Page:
State Bank of India, for example, has claimed that there could be significant job cuts due to technological spending this year. SBI Chairman Rajnish Kumar in a report said that the public sector bank is likely to end the fiscal year with a smaller workforce than what it began the year with. Kumar said, “When you have such a vast and diverse client base as SBI, the need for the human interface will always be there. But, if you ask me, it (employee count) was 278,000 at the beginning of this year, will it remain 278,000? It is unlikely.” A closer look reveals two major factor driving this change within the banking sector today.
The changing nature of work
An Economic times report noted that in the duration of one year between September 2016 and September 2017, HDFC Bank’s workforce dipped from 95,002 to 86,543. The bank claimed that the September 2016 figure was a peak and the bank had cut its workforce in later quarters. Additionally, in September this year, Yes Bank reportedly let go around 2,500 people, which accounted for more than 10 percent of its workforce. Although the banks cited reasons such as redundancies, poor performance and the result of digitisation, technological change has been a strong driver of such change.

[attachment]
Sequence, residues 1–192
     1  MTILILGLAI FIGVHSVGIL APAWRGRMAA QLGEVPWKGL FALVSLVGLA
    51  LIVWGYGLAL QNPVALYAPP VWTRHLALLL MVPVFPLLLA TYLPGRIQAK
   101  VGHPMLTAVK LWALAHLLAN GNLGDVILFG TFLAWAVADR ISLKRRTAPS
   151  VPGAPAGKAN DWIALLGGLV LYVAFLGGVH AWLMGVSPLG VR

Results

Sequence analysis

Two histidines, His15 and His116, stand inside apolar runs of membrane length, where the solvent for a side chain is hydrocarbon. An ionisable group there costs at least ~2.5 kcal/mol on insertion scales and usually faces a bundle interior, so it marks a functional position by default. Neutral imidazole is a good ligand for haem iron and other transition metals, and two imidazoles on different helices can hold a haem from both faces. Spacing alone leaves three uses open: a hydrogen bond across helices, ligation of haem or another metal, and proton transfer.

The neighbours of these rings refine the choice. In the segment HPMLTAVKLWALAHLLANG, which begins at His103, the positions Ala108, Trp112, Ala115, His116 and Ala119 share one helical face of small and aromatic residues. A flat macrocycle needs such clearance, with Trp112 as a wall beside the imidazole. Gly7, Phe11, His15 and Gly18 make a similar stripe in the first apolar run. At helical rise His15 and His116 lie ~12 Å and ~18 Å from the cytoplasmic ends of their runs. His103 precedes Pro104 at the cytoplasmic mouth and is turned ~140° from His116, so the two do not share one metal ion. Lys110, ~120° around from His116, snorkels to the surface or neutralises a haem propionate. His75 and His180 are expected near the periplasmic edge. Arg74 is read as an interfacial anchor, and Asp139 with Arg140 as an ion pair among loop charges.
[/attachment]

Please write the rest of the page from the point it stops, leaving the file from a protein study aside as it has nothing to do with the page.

What is key here to notes is that there has been a gradual shift in the nature of work within the Indian banking industry. The transition from people-driven processes to machines controlled ones in the past few years. The technological development, which has made banking easier, has also led to a slowdown in the hiring of staff at banks. “Although there have been hirings, the nature of skill sets required is changing with a lot more focus on the front-end talent” the report noted.
As more number of ‘low-end back office’ jobs like manual data entry become obsolete, the sectors ability to create more jobs will significantly be affected in the coming years. This is further compounded by the fact that many of the employees are redeployed across functions. Positions, where the bank would've hired, are being taken up by such redeployment of the workforce .
Evolving consumer preference